• They are more specific in their action than synthetic chemicals. Processes which use enzymes therefore have fewer side reactions and waste by-products, giving higher quality products and reducing the likelihood of pollution.
  • They allow some processes to be carried out which would otherwise be impossible. An example is the production of clear apple juice concentrate, which relies on the use of the enzyme, pectinase.



28.6 Modern production of food enzymes


In the twentieth century, enzymes began to be isolated from living cells, which led to their large-scale commercial production and wider application in the food industry. Today, microorganisms are the most important source of commercial enzymes. Although microorganisms do not contain the same enzymes as plants or animals, a microorganism can usually be found that produces a related enzyme that will catalyse the desired reaction. Enzyme manufacturers have optimized microorganisms for the production of enzymes through natural selection and classical breeding techniques.


Direct genetic modification (biotechnology) encompasses the most precise methods for optimizing microorganisms for the production of enzymes. These methods are used to obtain high-yielding production organisms. Biotechnology also provides the tools to have a genetic sequence from a plant, animal, or a microorganism, from which commercial scale enzyme production is not adequate, to be transferred to a microorganism that has a safe history of enzyme production for food use.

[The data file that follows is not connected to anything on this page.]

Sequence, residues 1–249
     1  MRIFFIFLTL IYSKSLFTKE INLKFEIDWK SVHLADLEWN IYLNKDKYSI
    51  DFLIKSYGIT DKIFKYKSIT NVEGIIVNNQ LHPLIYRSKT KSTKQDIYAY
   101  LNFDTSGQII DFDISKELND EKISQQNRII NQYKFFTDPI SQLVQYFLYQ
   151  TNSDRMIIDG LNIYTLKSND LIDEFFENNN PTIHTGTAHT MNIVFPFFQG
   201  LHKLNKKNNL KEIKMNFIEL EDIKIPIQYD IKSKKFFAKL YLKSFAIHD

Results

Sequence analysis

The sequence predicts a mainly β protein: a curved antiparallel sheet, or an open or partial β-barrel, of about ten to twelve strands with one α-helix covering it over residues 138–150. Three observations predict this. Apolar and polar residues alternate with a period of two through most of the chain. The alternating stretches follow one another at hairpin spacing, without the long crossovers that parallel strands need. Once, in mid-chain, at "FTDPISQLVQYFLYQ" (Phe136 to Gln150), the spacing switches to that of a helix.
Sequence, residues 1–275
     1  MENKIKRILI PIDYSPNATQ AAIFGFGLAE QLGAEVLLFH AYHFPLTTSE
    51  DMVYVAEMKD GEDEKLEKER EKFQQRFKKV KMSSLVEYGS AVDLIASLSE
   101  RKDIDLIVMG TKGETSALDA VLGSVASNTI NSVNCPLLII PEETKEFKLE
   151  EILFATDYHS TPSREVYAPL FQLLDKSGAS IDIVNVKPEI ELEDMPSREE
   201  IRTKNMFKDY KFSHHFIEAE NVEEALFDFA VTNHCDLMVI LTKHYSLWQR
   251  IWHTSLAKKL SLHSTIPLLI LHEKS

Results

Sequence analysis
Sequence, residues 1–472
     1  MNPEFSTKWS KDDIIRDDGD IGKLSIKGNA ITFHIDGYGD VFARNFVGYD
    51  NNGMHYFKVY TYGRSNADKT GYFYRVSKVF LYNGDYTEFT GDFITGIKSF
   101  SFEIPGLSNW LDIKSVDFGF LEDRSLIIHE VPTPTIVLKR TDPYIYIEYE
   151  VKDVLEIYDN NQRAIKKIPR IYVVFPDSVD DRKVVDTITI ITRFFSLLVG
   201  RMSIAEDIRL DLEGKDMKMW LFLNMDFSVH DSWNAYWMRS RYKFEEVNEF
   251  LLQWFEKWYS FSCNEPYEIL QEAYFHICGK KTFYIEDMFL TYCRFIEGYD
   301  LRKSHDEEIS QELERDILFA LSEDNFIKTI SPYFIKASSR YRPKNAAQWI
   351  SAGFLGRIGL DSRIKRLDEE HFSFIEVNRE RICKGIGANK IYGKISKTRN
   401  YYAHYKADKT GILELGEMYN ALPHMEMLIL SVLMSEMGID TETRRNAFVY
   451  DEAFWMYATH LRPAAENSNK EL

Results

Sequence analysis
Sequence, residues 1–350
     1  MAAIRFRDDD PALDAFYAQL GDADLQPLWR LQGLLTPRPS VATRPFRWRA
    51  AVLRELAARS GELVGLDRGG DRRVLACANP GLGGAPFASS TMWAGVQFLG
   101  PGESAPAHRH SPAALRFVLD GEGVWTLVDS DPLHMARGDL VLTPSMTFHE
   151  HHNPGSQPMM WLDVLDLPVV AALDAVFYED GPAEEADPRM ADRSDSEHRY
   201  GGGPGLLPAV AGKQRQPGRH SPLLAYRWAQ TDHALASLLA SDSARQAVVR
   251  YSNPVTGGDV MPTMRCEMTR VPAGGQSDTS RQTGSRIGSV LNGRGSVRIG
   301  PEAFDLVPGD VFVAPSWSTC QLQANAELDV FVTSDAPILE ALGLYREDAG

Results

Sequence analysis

Although the production organism is genetically modified the enzyme it produces is not. Enzymes produced through biotechnology are identical to those found in nature. Additionally, enzymes produced by microorganisms are extracted and purified before they are used in food manufacturing. Genetically modified microorganisms are useful from a commercial standpoint but would not survive in nature.


At present, modern biotechnology can be used to give a range of advances in enzymatic production technology:

  • Improved productivity and cost-effectiveness in existing processes. By producing enzymes more efficiently, the amount of raw materials, energy and water needed to make a product can be reduced by as much as one-half by changing from a traditional strain of microbe to a genetically modified one.
  • Companies can tailor their enzymes more precisely to customer demands for products with specific properties.
  • Manufacturers can supply enzymes which otherwise could not be produced in large enough quantities, giving the consumer access to a wider variety of products. An example is the amylase-based product which makes bread stay fresh for longer.


28.7 The possibility of allergies


To date, there have been no reports of consumer allergies to enzyme residues in food. The levels of enzyme residues appearing in foods are so low that they are highly unlikely ever to cause allergies. Like all proteins, enzymes can cause allergic reactions when people have been sensitised through exposure to large quantities. For this reason, enzyme companies take a variety of protective measures and some enzymes are produced as liquids, granules, in capsules or as immobilised preparations to limit worker exposure.


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Suggested Readings


• Gregory A. Tucker, L.F.J. Woods, 1995, Enzymes in Food Processing, Springer Science & Business Media.


• W.H. Holzapfel, R. Geisen, U. Schillinger, 1995, Biological preservation of foods with reference to protective cultures, bacterio cins and food-grade enzymes, International Journal of Food Microbiology, 24 (3), 343-362.


• Regulation (EC) No 1332/2008 on food e nzymes


• Regulation (EU) No 1056/2012 amendi ng Regulation (EC) No 1332/2008 on food enzymes


• Guidance document on categorisation of food enzymes


• EFSA: Data requirements for evaluation of new food enzymes applications, Updated Explanatory Note for Guidance